Leonato in Much Ado About Nothing: Character Analysis & Traits

Instructor: Beth Hendricks

Beth holds a master's degree in integrated marketing communications, and has worked in journalism and marketing throughout her career.

One of the first characters we meet in ''Much Ado About Nothing'' is Leonato. In this lesson, you'll learn more about Leonato's role in William's Shakespeare's tale and get a glimpse of his character.

Who is Leonato?

Leonato, in Much Ado About Nothing, is first. He is the first character we're introduced to, the first character to speak, and his home is the first - and primary - location used as the backdrop for the story. Leonato is the governor of Messina, Italy, where the play is set (although he's second in social hierarchy to Don Pedro). Regardless, Leonato is treated with reverence and is well-respected.

Leonato is the father of Hero, who is described throughout the play as both sweet and kind, and he is the uncle of Beatrice, Hero's witty, sometimes cynical cousin (and friend). As the story opens, Leonato is awaiting Don Pedro's return from war. As the play progresses, the bulk of the action takes place under Leonato's roof and watchful eye, including the courtships of his daughter and his niece, and the deception perpetrated against them, which Leonato investigates and remedies. In short, Leonato is the glue that holds the storyline together, through his seniority, stability and wisdom.

What are some other traits of Leonato's that can be assessed? Read on for a few possibilities.

Leonato's Traits

1. Easily influenced: In Much Ado About Nothing, we see Leonato let himself be influenced somewhat by the activities and events around him, including the ideas and opinions of the other characters. For example, he initially consents to a relationship between his daughter and Don Pedro; later, that becomes a relationship between his daughter and Claudio. When Don John plots against Hero and Claudio, Leonato initially believes the accusations, then changes his mind. He is also part of the 'plot' to convince Beatrice and Benedick to fall in love. All of these are indicators that, despite his wisdom, his thoughts can be easily guided by the individuals around him.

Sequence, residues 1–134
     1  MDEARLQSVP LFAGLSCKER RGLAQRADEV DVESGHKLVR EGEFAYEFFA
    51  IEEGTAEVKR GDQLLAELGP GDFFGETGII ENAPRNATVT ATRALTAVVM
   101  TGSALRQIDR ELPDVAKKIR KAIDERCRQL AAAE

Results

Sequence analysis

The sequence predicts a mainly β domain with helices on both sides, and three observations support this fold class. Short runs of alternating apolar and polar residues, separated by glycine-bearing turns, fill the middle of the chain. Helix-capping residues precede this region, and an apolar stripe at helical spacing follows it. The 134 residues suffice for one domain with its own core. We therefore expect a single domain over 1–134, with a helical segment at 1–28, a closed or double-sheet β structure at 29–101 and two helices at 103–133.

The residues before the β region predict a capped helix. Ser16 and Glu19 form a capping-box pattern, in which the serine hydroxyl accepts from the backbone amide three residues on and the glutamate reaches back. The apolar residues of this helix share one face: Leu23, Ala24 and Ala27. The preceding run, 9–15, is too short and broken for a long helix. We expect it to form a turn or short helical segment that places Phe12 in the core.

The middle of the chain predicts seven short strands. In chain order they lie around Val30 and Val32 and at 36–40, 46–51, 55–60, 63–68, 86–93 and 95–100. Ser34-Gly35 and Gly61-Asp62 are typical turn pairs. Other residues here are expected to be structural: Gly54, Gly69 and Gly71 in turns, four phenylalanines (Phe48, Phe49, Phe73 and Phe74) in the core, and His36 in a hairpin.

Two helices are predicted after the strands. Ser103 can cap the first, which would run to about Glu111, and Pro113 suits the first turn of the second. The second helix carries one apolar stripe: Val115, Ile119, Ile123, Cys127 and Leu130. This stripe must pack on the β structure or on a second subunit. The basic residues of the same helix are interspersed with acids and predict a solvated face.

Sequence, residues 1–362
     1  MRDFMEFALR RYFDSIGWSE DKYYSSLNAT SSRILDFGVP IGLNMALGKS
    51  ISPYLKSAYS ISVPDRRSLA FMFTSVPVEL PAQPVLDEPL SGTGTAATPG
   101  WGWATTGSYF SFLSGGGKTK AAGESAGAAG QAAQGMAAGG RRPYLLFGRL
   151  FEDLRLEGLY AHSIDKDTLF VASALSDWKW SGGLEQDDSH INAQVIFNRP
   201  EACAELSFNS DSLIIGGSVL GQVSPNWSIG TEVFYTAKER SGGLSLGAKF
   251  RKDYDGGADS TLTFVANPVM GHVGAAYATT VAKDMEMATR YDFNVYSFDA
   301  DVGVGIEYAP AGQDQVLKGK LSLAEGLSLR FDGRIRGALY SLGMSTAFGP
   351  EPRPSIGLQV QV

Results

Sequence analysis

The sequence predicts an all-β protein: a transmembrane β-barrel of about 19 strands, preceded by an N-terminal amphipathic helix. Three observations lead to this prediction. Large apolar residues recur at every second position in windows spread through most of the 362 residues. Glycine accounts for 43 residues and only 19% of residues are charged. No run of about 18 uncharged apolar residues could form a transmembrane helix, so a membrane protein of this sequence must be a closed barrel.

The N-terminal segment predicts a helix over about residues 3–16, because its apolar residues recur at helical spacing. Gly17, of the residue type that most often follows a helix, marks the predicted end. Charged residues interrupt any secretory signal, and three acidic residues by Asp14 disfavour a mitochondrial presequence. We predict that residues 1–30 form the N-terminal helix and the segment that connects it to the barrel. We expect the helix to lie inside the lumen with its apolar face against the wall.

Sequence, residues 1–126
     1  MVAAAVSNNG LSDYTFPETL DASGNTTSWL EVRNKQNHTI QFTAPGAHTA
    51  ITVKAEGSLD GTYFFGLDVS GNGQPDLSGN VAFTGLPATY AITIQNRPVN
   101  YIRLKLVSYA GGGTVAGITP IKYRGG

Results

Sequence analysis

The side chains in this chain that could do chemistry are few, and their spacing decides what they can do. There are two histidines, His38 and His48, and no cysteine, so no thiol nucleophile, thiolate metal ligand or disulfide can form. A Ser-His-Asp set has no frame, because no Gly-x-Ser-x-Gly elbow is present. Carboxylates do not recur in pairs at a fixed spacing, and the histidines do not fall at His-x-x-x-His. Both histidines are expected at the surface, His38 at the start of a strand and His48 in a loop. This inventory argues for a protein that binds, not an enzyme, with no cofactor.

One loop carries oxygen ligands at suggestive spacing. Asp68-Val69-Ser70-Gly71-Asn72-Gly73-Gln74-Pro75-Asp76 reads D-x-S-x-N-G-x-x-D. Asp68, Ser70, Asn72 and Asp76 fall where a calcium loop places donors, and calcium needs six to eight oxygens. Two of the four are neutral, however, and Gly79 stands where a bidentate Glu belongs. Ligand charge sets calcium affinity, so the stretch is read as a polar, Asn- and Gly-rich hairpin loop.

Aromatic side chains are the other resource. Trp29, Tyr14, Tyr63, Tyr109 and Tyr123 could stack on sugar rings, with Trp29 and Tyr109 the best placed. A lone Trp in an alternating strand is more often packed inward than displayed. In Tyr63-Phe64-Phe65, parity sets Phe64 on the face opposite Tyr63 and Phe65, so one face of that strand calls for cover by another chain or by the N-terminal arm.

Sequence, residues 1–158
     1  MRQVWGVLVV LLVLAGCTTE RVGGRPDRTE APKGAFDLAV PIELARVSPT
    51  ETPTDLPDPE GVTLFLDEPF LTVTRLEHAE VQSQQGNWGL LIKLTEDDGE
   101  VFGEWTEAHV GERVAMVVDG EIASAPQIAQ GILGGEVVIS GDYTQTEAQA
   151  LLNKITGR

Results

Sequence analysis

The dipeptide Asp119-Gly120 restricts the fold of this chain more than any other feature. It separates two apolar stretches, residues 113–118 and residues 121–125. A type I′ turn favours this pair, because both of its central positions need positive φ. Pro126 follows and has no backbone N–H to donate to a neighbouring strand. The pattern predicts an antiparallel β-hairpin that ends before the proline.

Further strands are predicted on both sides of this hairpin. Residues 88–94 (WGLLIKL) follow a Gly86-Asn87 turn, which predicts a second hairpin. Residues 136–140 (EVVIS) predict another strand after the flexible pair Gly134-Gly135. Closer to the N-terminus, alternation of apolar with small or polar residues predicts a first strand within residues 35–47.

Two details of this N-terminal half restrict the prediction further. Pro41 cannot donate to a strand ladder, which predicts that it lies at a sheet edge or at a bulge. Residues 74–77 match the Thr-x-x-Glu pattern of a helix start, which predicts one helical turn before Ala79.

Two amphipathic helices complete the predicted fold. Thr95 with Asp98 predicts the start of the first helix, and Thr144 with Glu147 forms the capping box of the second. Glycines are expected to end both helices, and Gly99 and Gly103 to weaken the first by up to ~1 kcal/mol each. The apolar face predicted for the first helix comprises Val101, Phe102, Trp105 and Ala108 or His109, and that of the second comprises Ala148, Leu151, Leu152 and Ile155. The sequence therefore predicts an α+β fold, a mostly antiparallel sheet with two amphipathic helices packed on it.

2. Just: Leonato seems interested in seeing justice done in the wake of the accusation against his daughter, Hero. His punishment for Claudio is to require the man to declare Hero's innocence to everyone in town, and to marry a mysterious family member believed to be Hero's cousin (revealed to be Hero herself).

Leonato also stops Don Pedro and Claudio from fleeing his home after the accusation against Hero is made, until he is able to discern the truth of the situation - whatever that may be. This indicates his patience and wisdom. He leads the investigation into the matter, with others falling in line behind him. This illustrates not only Leonato's quest for answers, but also his desire to protect his family.

3. Hospitable: When the play first begins, Leonato is awaiting guests to arrive at his home and making preparations for just that. By requesting shelter at Leonato's home, the men returning from battle show readers that Leonato is someone to be considered important. Leonato's willingness to house these individuals shows his hospitality and compassion.

Throughout the play, Leonato also treats all individuals with the same courtesy, even Dogberry (the play's antagonist) and lower class citizens. Regardless of their standing relative to Leonato's social power, he treats everyone respectfully.

4. Important: Leonato serves, in some ways, as a narrator of the play, introducing the various characters and keeping the action moving. Moreover, we see Leonato's importance in the way the play's various characters revere him, including the men who request lodging after returning from battle. The way Leonato helps his family members and his response following the dishonoring of Hero also illustrate his important role.

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